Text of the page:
Mining towns Western Australia
Houses for mine workers near Newman in the Pilbara. Some communities face an uncertain future thanks to the falling price of iron ore. Photograph: Alan Porritt/AAPIMAGE
Some towns have gone, but others have diversified from iron ore to cattle farming and new businesses
Three hours from the centre of Western Australia’s iron ore industry, a scrubby patch of ground stands as a reminder of what happens to mining towns when the money moves on.
The patchy outline of a football oval is all that’s left of the town of Shay Gap, which once had a population of 650. Lang Coppin, an East Pilbara shire councillor whose family runs Yarrie Station, where the town was built, can spot it when he flies over the area in his helicopter – but that’s only because he knows where to look.
“You will drive past there now and if you didn’t know where the town was you wouldn’t believe it, ” Coppin said. “You wouldn’t know you went past a town that once had schools, football ovals, shops.”
Founded by Mount Goldsworthy Mining Associates in the early 70s as a worker hub for nearby iron ore operations, Shay Gap closed two months after the mine ceased operation in February 1994.
Twenty years on, residents of the Pilbara’s small regional towns are again circling the wagons against a plummeting iron ore price which has seen junior miner Atlas Iron Ore put its operations on hold and prompted job losses at larger companies such as Fortescue Metal Group (FMG), BHP Billiton and Rio Tinto. All three large miners have been put on negative watch by the ratings agency Standard and Poor’s.
Newman and Tom Price, both a few hours’ inland from the Pilbara hubs of Port Hedland and Karratha, are no longer on mining company land, like Shay Gap was, but still have the feel of company towns.
High-rise apartments in the mining industry hub of Karratha. Photograph: Sarah Motherwell/AAPIMAGE
The Newman townsite was established by the now defunct Mount Newman Mining Company in 1968 to support the iron ore mine at Mount Whaleback, and was wholly owned by the mine until 1982 when it was opened up and handed over to local government.
Mount Whaleback was BHP’s first WA mine and, at 5km long, is the largest open-cut iron ore mine in the world.
Tom Price, 275km to the west, is a Rio Tinto town. Peter Foster, a local councillor for Ashburton shire, said at least one person in every household worked for the mining company. The rest work in service industries such as health and education, or for local businesses, but when the mining job goes, so does the family.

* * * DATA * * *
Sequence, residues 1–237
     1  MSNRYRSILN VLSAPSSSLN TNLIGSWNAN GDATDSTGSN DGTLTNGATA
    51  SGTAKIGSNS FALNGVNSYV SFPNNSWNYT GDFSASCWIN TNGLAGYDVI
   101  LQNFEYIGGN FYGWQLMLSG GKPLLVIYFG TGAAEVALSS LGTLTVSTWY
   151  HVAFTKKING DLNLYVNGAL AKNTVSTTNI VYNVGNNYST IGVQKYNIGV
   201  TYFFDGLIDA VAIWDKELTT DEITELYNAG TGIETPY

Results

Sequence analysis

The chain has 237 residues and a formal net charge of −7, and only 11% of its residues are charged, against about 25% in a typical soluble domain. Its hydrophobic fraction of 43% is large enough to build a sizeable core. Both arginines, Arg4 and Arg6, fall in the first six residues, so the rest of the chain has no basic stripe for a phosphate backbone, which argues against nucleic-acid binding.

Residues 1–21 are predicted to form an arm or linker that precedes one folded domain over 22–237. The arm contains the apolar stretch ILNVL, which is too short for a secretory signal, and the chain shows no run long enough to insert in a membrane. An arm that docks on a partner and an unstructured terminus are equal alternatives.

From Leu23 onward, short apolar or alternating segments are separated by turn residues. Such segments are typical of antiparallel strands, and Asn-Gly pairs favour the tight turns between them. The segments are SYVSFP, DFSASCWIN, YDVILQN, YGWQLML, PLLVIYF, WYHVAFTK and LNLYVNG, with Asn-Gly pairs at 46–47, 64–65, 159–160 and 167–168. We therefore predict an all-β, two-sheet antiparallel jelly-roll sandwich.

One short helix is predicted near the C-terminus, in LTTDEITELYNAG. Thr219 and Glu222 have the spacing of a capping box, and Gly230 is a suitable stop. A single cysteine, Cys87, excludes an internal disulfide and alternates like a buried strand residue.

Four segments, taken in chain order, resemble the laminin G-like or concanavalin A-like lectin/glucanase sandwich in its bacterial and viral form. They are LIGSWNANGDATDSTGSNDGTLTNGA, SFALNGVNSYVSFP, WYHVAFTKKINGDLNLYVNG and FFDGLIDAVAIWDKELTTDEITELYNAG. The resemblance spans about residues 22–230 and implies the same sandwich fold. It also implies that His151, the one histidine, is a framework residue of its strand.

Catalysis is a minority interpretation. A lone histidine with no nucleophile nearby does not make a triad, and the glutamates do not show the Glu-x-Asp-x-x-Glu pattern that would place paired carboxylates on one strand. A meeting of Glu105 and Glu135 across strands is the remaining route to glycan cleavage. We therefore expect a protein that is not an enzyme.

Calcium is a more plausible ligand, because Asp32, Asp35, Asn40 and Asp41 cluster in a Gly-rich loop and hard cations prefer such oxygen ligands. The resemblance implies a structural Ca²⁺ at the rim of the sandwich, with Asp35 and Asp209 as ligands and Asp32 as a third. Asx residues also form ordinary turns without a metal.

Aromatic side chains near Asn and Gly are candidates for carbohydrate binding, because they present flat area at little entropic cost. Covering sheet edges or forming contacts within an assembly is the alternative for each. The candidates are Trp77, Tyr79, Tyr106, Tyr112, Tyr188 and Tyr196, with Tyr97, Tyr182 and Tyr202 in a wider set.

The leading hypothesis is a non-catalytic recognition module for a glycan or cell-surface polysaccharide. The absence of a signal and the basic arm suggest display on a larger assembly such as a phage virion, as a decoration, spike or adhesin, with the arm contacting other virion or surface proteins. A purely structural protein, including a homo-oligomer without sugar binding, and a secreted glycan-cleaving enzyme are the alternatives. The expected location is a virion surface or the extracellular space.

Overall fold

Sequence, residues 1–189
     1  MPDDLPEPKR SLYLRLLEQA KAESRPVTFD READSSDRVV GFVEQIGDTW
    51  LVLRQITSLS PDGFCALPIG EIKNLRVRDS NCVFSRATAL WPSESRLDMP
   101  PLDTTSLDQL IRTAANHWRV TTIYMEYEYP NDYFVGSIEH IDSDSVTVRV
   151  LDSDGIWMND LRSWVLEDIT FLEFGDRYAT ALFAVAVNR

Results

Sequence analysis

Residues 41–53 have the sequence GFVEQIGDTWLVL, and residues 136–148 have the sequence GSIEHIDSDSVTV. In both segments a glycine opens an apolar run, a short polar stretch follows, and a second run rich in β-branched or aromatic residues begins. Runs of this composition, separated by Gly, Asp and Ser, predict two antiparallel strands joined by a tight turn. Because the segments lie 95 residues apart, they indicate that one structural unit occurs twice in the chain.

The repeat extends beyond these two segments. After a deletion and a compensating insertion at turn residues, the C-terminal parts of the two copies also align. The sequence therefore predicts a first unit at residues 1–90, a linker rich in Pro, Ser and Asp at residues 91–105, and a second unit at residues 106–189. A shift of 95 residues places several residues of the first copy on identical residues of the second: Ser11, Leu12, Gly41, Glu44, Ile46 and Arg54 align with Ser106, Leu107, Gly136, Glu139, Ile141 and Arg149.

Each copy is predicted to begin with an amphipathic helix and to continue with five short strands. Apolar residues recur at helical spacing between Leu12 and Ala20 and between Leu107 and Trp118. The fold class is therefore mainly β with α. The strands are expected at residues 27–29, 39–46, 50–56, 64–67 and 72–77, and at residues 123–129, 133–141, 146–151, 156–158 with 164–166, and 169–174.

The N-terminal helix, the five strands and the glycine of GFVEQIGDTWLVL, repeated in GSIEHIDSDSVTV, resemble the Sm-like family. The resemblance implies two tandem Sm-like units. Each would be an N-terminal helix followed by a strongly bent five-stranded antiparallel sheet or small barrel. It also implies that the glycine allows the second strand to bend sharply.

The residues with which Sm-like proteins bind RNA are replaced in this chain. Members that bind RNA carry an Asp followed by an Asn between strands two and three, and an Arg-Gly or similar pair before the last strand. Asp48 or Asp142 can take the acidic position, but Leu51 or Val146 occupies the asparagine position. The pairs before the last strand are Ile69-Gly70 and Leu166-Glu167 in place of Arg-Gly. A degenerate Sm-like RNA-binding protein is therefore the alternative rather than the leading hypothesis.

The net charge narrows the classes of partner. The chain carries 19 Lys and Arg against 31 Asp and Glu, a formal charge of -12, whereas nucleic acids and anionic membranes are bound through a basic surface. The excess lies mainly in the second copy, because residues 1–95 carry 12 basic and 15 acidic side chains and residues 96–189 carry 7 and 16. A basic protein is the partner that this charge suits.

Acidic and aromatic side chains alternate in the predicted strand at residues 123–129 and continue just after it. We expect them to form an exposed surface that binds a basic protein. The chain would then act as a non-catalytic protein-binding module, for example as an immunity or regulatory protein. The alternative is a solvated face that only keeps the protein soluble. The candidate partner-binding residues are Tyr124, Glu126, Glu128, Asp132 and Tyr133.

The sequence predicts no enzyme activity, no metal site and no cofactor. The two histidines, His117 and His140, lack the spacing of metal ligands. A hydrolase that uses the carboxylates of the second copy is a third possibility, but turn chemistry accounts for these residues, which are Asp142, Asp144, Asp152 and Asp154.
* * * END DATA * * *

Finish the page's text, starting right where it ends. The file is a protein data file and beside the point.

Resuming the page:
“Permanent staff live in company housing, so that when they lose their job they lose their home as well, ” Foster said.
With no mortgage to tie them to the community and limited employment options, there is little but small town charm to encourage families to stay.
Foster said people in Tom Price watch the iron ore price the same way farmers watch the weather.
Fly-in, fly-out workers could shelter some mining towns from the full force of the downturn, a union official believes. Photograph: Sarah Motherwell/AAPIMAGE
“It’s something that you always overhear at the pub, overhear at Coles, overhear in the car park or in the playground: ‘Did you see the iron ore price today?’ ”
Last week the iron ore price was hovering just above $US50 a tonne, down 60% from January 2014, causing a significant hit to the West Australian budget.
Goldman Sachs is forecasting the price could get as low as $US40 a tonne in the next four years.
Rio Tinto and BHP aim to get their break-even down to $US20 a tonne. Both are expected to shed some jobs to reach that target, but neither is looking at slowing production. For Tom Price and Newman, that means some families might go but the town will survive.
Atlas just managed to get its costs below $US60 a tonne when it suspended production. FMG, which gets a discounted price for producing lower-grade iron ore and recently completed a $3bn railway to get its product to port, is reportedly aiming for a break-even price of $US39 a tonne.
The East Pilbara shire chief executive, Allen Cooper, said longer-term residents in Newman expected their success to be cyclical.
“In the late 90s we had a significant hit when we lost about 1, 000 people in a six-month period, ” Cooper said.
“It was really severe; shops were vacant. But back then we had more small businesses.”
Between 2000 and 2012 Newman’s population tripled from 3, 000 to 9, 000. BHP’s iron ore output in WA for the same period grew from 50m tonnes a year to 300m tonnes.
Newman’s population has since dropped to about 6, 000. “In some ways it’s good – it gives us a chance to catch our breath, ” said Cooper.
He said the town was trying to diversify its economy and grow its population, slowly becoming less reliant on the mine. The pastoral industry is becoming more important again – while iron ore prices have plummeted, cattle prices have doubled in the past 12 months.